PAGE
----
Forum-Shopping and Personal Bankruptcy

Posted: 8 Mar 2003

See all articles by Ronel Elul

Ronel Elul

Federal Reserve Bank of Philadelphia

Narayanan Subramanian

Cornerstone Research - Boston Office

Multiple version iconThere are 2 versions of this paper


The dramatic increase in U.S. personal bankruptcy filings of the last fifteen years has focused attention on the wide disparities between different states' personal bankruptcy exemptions. These differences have been criticized both on the grounds of equity and also because they provide an incentive to move to a state with a higher exemption before declaring bankruptcy, that is to forum-shop. This paper focuses on the latter of these objections. Using data from the Panel Study of Income Dynamics (PSID), we estimate a Nested Logit model of the household migration decision. Our econometric approach specifically avoids the problem of endogenously induced bankruptcy filings by examining the effect of filing propensity, rather than the actual event of filing, on the tendency to migrate to a higher exemption state. We conclude that while there is indeed evidence that considerations of bankruptcy laws do influence interstate migration, the actual effect is relatively modest. We estimate that, in any given year, roughly one percent of moves to higher-exemption states are motivated by considerations of differences in bankruptcy laws; by way of comparison, this is roughly comparable to the magnitude of recent estimates of welfare-induced migration. This suggests that the emphasis on differences in exemptions which has been a feature of recent attempts to reform the bankruptcy code is somewhat exaggerated.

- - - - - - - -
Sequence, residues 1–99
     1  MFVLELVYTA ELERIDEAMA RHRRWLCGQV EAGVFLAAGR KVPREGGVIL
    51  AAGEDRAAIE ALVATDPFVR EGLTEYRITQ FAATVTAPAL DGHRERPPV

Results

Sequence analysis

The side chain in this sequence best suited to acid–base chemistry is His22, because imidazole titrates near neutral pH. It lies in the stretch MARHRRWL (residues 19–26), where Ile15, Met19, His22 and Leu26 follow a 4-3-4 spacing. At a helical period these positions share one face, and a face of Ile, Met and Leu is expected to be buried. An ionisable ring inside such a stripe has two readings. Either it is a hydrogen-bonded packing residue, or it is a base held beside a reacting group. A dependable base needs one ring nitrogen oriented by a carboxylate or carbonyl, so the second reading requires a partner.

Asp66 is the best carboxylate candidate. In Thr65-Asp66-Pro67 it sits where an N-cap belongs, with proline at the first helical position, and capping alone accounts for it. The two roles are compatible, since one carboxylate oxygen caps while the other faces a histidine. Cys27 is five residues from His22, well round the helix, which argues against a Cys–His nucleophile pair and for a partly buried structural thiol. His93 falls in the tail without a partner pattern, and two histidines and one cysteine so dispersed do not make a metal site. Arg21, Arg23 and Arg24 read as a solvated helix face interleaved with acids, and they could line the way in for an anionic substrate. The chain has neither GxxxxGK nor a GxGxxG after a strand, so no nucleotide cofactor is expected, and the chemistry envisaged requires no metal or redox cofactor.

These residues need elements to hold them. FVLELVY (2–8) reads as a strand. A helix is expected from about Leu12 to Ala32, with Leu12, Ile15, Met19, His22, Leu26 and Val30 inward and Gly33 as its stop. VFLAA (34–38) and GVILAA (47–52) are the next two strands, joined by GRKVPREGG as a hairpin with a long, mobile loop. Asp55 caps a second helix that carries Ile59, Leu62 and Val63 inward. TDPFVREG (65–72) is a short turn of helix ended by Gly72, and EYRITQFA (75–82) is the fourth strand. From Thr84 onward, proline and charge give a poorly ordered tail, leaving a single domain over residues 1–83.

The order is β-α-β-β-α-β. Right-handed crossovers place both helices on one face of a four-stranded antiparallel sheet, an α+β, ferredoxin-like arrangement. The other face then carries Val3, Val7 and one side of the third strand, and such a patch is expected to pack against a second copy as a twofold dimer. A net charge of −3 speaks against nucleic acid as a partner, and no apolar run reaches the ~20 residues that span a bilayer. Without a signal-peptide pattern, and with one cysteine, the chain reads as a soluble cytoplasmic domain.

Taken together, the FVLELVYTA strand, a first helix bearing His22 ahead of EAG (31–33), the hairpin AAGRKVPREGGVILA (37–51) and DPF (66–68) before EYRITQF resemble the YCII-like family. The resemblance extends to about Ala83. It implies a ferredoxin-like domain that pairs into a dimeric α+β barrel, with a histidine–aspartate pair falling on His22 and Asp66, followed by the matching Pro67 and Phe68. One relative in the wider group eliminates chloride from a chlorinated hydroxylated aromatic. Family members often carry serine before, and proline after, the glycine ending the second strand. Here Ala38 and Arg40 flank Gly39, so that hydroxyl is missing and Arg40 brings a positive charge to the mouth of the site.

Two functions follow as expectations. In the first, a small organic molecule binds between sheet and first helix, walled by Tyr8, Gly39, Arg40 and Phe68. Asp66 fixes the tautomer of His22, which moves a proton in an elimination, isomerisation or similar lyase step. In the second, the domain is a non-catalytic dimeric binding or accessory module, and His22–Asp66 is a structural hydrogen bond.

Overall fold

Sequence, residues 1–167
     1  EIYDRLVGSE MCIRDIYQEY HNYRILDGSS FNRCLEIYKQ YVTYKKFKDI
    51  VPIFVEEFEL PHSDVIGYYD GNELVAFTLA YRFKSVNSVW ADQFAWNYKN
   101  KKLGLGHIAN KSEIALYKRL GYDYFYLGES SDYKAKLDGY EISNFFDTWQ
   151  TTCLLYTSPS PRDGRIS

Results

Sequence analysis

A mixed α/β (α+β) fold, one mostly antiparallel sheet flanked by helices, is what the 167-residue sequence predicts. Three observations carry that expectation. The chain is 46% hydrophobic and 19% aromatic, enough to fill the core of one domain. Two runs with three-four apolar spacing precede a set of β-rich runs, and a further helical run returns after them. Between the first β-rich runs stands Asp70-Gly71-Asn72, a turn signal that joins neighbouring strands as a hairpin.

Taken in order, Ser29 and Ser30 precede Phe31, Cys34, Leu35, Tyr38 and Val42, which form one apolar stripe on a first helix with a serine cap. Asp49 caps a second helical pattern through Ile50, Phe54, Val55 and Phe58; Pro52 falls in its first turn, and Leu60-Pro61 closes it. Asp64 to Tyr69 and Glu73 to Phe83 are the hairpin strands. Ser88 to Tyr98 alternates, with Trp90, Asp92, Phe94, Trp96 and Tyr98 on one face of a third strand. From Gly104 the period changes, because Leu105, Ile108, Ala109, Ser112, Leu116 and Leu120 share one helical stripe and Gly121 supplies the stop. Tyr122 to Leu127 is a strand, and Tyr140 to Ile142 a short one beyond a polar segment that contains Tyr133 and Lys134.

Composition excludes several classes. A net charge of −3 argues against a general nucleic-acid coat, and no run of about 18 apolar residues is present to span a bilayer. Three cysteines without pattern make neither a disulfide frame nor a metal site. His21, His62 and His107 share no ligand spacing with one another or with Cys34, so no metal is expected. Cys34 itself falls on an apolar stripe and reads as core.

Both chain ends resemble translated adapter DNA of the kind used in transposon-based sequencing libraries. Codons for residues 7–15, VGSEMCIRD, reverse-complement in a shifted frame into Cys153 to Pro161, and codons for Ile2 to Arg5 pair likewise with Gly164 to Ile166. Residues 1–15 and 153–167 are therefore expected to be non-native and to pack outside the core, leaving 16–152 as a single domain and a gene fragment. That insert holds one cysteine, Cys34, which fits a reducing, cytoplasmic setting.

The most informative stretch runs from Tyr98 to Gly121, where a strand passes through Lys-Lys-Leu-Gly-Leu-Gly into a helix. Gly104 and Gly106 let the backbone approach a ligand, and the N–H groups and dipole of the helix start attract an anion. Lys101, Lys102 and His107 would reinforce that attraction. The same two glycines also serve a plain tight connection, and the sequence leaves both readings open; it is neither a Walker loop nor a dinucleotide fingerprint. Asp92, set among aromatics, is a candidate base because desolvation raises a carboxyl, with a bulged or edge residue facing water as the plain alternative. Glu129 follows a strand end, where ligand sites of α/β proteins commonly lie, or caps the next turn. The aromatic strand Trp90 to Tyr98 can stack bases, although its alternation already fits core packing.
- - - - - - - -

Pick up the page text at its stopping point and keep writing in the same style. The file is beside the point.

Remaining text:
Keywords: Personal bankruptcy, bankruptcy exemptions, forum-shopping

Suggested Citation

Elul, Ronel and Subramanian, Narayanan, Forum-Shopping and Personal Bankruptcy. Journal of Financial Services Research, Vol. 21, No. 3, June 2002, Available at SSRN:

Ronel Elul

Federal Reserve Bank of Philadelphia ( email )

Ten Independence Mall
Philadelphia, PA 19106-1574
United States
215-574-3965 (Phone)

Narayanan Subramanian (Contact Author)

Cornerstone Research - Boston Office ( email )

699 Boylston Street
Boston, MA 02115
United States
(617) 927-3000 (Phone)
(617) 927-3100 (Fax)


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